8 Movies You Probably Didn’t Know Joss Whedon Was Involved With

06.23.14 3 years ago 31 Comments

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I feel a little late to the party on this, you guys, but Joss Whedon was/is involved with just about every movie ever made in Hollywood. The guy is one of the most requested script doctors out there and as Whedon put it, he’s usually brought in to make the third act more exciting and cheaper. Whedon started out writing on Rosanne before moving on to projects like Buffy the Vampire Slayer and doing punch-ups for Speed and X-Men.

Today is Whedon’s 50th birthday, and I thought it would be fun to look back at some of the movies few people realize he worked on in some capacity. Starting with Kevin Costner’s big budget sea adventure…

1. Waterworld (1995)



Yes, Joss Whedon was part of the Kevin Costner flick that should probably be banished to somewhere at the bottom of the ocean. Whedon wasn’t called in to help with the script until late into the film’s production when producers became concerned that Costner’s excessive notes were mucking up the movie. Unfortunately, there just weren’t enough jet skis and as Whedon described to the A.V. Club, there was not much he could do to save the film.

Waterworld was a good idea, and the script was the classic, ‘They have a good idea, then they write a generic script and don’t really care about the idea.’ When I was brought in, there was no water in the last 40 pages of the script. It all took place on land, or on a ship, or whatever. I’m like, ‘Isn’t the cool thing about this guy that he has gills?’ And no one was listening. I was there basically taking notes from [Kevin Costner], who was very nice, fine to work with, but he was not a writer.”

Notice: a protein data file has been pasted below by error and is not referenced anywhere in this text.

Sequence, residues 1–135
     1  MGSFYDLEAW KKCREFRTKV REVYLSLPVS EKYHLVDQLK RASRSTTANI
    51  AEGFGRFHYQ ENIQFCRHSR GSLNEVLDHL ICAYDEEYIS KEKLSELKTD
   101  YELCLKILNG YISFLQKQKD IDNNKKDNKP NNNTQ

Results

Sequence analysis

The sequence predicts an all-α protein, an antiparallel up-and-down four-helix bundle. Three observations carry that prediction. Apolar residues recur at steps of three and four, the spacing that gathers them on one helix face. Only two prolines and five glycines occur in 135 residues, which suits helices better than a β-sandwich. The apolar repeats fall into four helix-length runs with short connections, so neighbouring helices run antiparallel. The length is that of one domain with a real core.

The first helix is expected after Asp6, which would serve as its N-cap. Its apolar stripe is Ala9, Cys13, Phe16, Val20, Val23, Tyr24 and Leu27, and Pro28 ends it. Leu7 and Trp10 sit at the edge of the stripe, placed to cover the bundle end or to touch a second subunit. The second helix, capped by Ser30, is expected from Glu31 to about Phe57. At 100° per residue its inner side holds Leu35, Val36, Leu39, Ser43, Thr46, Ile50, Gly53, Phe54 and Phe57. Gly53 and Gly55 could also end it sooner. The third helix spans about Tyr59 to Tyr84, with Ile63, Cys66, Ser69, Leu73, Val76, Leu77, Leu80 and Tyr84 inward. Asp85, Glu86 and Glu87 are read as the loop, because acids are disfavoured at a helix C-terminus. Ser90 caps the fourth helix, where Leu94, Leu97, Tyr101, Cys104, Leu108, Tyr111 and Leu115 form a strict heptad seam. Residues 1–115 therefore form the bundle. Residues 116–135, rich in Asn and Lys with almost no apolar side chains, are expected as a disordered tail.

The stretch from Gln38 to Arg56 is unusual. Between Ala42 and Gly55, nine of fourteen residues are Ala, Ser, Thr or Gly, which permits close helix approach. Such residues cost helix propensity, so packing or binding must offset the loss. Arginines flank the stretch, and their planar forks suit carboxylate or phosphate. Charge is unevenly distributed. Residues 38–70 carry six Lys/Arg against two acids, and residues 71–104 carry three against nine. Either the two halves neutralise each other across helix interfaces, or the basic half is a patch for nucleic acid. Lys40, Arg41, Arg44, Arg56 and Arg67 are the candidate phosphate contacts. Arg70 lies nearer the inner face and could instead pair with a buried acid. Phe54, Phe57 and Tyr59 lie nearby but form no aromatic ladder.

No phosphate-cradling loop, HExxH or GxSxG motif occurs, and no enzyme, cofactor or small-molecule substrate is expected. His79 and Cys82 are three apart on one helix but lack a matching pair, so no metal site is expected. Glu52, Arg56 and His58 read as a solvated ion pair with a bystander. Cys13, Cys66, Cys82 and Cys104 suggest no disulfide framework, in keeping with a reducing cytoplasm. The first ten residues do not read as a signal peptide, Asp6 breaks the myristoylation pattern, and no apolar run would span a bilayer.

2. X-Men (2000)



It’s actually pretty amazing that X-Men turned out as well as it did. Bryan Singer said no to the movie down several times, because he had never heard of the X-Men and didn’t like comic books. He only agreed to direct after watching the animated series and empathizing with the prejudice shown to mutants.

The script was also horribly fraught with holes according to Whedon, who came in to help ghostwrite some of the fight scenes.

“They wanted me to punch up the last fight. I said, ‘I think you’ve got a greater problem than that,’ explained the creator of Buffy the Vampire Slayer. ‘I didn’t think the script was any good, so I did a major overhaul of the script. And yeah, I was the only real X-Men fan on the project that I know of.”

3. Titan A.E. (2000)

titan ae

20th Century Fod

While much of Whedon’s rewrite on X-Men never saw the light of day, a good portion of his rewrite on Titan A.E. actually stuck. It was at least enough that the writer/director made a point to see the film, the same can’t be said for X-Men.

“I did a great thundering re-write on that, bigger than the one I did on X-Men and a lot more of that actually stayed in the film. I’ve seen Titan, I haven’t seen anything of X-Men – no-one is actually contractually or legally allowed to say the words ‘X-Men’ to me in the workplace anymore…I’ve gotta see, I’m so curious to know. Every director has his vision, but I would not have given Halle Berry that hair.”

4. Speed (1994)


20th Century Fox